Zambia travel advice
What practical information should I know about Zambia?
There are so many ways to experience Zambia that an entire book would be required for an exhaustive pre-holiday checklist. If you’re on an all-inclusive fly-in safari, for example, then just about every need will be thoroughly taken care of, from food to flight transfers to emergency evacuation services. Not so at all if you’re planning a self-drive safari. Zambia is perhaps the most challenging country to self-drive in Southern Africa and should only be considered if you have prior 4x4 experience.
There is, however, some information that pertains to all visitors. Travel documents (passports and immunisations) must be up-to-date and travel insurance is essential and required for entry into the country (you can also buy it at the border). Besides the usual narcotics, explosives and pornography, palm tree products and henna are also banned. Electronic items should be listed (with serial numbers) and declared upon entry. It’s a rarely enforced regulation, but a spot check could create unnecessary problems and delays.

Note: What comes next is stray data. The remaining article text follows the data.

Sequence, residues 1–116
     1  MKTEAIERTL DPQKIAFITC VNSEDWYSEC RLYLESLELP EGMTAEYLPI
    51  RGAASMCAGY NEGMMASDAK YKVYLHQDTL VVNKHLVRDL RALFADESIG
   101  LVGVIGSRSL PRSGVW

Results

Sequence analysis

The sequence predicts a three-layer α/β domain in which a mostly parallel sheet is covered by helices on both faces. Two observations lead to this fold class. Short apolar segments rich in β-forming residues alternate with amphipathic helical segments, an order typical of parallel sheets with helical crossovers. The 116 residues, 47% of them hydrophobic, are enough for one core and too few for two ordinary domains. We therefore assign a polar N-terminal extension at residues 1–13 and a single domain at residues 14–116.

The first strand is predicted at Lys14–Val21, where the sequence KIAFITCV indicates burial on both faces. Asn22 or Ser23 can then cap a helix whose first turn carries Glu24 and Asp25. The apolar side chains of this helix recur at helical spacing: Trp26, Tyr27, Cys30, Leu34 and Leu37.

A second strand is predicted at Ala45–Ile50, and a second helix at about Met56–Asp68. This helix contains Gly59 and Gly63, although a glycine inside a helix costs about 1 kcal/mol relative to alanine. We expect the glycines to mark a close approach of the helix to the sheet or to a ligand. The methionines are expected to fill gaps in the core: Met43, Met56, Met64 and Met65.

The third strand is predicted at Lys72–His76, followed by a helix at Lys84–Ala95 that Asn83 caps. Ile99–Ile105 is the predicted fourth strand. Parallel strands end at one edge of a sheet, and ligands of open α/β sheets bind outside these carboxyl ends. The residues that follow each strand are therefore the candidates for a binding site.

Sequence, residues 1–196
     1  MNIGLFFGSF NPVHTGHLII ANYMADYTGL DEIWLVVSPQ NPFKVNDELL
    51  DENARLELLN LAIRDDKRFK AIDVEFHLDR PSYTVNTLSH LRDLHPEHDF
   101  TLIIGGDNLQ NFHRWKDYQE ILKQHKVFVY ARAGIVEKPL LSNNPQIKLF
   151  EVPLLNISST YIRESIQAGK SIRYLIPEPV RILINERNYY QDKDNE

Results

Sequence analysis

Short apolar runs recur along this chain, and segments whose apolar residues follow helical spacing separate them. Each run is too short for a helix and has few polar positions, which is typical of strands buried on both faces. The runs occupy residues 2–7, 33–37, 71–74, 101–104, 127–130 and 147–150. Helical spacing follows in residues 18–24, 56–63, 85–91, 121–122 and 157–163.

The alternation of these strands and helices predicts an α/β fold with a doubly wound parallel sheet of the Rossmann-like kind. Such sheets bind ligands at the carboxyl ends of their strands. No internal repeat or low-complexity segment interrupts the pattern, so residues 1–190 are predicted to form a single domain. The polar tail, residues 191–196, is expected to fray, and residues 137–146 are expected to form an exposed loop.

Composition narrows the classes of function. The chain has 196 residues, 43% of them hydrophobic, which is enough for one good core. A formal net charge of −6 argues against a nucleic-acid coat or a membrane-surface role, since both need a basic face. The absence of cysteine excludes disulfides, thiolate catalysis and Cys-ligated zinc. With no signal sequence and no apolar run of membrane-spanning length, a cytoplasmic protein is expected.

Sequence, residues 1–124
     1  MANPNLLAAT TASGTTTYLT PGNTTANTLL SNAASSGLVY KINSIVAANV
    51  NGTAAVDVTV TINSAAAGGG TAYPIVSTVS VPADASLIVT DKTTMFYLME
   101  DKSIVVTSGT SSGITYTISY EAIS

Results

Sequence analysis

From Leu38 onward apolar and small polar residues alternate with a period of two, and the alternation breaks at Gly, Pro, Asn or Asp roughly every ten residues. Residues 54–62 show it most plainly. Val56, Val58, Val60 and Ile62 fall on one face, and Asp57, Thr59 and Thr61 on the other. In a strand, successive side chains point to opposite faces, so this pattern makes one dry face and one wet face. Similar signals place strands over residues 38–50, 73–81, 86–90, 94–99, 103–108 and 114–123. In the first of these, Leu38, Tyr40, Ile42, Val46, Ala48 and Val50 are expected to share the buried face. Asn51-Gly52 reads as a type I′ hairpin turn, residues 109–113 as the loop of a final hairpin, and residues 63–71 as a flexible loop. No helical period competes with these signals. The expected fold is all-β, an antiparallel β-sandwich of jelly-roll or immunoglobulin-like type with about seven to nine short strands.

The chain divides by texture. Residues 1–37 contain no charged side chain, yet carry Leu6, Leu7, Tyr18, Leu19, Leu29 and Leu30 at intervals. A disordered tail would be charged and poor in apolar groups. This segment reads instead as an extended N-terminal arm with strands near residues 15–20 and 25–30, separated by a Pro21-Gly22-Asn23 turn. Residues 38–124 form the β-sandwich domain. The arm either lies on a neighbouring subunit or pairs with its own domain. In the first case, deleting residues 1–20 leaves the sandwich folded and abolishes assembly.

Tap water, while drunk without trouble by locals, has a tendency to upset travellers’ stomachs so it’s best to buy bottled water to be safe. Very importantly, Zambia’s top lodges and destinations fill up quickly, especially in peak season. Book well in advance to avoid disappointment (up to two years in some cases). As a general rule, it’s always best to get up-to-date information from your hotel or lodge a few weeks before you travel. For more information, the Zambia Tourism Board (+260-211-229-087, zambiatourism.com) and the Zambian Department of National Parks and Wildlife (+260-211-278-129, +260-211-278-482) are good resources, although you might need several attempts to get through.